I spent this past Saturday over at Barre Falls for more hawkwatching as early October is peak migration times for both Sharp-shinned Hawks and American Kestrels. I was also crossing my fingers that a Peregrine would decide to do a fly- by but that was not in our cards that day.
I am trying to get in as much hawk watching practice as possible while the raptors continue to pass through because while you can read about the subject as much as you want, there is no better way to learn it than to do it.
Cooper's HawkThe once thing that I have noticed more than anything is how much more comfortable I am with my binnoculars. If anything is going to give you practice using these, it is hawkwatching for certain. I have gotten pretty good at being able to spot a raptor very far away as I have gotten a lot of practice lately, it's just identifying them that still remains the challenge (but I am starting to get it!)
Sharp-shinned Hawk coming Head-on
But soon enough migration will slow down some which will give me some time for other forms of birding like looking for ducks in nearby ponds and rivers and waiting for the gulls to return and you all know how much I love my gulls! They continue to hawkwatch up until December at Barre Falls as many of the Buteos (besides the Broad-winged Hawk) have yet to start heavy migration so I still plan to get out there at least once a week if the winds and weather are the right conditions.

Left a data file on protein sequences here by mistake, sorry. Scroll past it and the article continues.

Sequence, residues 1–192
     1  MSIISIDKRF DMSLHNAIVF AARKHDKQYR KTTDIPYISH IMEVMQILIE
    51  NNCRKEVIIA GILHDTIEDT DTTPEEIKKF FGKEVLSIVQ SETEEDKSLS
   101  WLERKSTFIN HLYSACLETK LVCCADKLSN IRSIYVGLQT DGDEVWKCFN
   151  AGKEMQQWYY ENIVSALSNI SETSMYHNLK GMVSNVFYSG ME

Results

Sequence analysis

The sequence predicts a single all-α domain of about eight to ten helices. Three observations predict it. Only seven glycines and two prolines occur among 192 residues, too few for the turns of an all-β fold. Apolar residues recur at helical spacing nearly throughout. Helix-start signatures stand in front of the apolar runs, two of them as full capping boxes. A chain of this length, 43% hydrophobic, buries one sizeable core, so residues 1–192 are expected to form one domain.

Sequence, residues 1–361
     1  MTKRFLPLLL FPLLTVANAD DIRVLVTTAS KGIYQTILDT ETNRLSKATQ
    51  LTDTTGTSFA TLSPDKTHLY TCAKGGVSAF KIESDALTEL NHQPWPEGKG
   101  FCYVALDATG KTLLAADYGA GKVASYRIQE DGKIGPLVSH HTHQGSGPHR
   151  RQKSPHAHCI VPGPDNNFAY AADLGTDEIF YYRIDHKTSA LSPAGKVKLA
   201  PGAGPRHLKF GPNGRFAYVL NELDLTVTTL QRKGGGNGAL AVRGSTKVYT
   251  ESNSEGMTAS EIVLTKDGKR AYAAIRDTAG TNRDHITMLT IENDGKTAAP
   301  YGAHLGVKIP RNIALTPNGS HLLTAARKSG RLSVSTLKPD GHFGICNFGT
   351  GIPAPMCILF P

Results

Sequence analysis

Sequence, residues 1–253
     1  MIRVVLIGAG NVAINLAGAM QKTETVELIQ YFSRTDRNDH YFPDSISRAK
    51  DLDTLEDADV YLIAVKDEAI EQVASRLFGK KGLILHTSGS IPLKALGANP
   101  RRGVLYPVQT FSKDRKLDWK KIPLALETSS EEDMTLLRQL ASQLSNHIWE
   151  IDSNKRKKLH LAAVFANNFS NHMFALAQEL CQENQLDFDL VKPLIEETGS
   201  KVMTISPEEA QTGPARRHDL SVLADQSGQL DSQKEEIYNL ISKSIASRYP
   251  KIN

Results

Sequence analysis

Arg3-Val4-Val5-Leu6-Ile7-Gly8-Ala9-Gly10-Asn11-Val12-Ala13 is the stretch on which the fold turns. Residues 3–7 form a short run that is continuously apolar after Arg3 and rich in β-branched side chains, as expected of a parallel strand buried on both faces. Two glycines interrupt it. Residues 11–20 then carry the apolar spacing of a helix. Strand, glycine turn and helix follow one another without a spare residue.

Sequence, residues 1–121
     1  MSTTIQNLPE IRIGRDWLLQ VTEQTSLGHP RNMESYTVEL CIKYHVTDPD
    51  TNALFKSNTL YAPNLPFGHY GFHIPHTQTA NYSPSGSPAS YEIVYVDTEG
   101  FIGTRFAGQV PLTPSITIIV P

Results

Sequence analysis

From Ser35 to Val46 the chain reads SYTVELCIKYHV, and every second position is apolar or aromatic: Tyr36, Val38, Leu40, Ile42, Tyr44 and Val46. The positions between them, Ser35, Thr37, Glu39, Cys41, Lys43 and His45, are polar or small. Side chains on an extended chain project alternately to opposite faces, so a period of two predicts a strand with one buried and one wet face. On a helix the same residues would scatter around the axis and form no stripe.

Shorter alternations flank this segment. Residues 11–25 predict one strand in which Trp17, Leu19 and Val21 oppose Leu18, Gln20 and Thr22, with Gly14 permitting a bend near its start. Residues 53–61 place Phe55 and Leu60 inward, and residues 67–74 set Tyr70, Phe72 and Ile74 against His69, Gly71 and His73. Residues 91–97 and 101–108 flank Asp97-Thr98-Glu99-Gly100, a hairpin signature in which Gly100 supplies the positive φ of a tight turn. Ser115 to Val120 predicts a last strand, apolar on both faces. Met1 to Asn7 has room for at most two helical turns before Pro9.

Sharp-shinned Hawk side ProfileAnyhow, as you can see Saturday was a day for Sharp-shinned Hawks at Barre Falls. By the end of the day the total was 180 and many of those 180 came close enough for a photo. It also gave me the opportunity to really study these birds and their flight style which are rapid wing beats followed by a glide. I was also able to really see what they mean now about the size of the head of a Sharp-shinned Hawk compared to a Cooper's Hawk which I totally get now. Another thing I noticed is just how quick these birds can be. No sooner do you spot one, explain its location to the other watchers and by the time you explain it, they are a couple of field views away from it so you have to look for it all over again!
Cooper's HawkSpeaking of Cooper's Hawk, there were approx. 12 of them sighted including the one above who literally caused the song birds on the left to panic. Seriously, the lives of birds are amazing. Not only in the marshlands, or in the tree tops, but in the sky as well. We humans may have almost taken over earth, but the sky is still the birds domain, except for aircraft that is. It's amazing what goes on up there if you have the attention span to watch it!
We also had a sub-adult Bald Eagle do a fly-by over our heads which was really nice to see.
Wishing it were a Golden Eagle but beggars can't be choosers!
The picture above is of a White Faced Hornet. A mean little bugger for certain!!! I wanted to take some micro photography for a change of pace as it isn't something I have been doing lately. It's funny how many other mini-hobbies you pick up while hawk watching when there is dead time. I have developed a sudden liking to all kind of bugs, air craft (with blimps being a 20 point bonus) and cloud formations. No, I am not joking.
Hoping to get out at least one night after work this week for some birding. I really want to get a better look at the gorgeous White-crowned Sparrow, but it's getting dark out by 6PM. Totally not fair!!
Take care all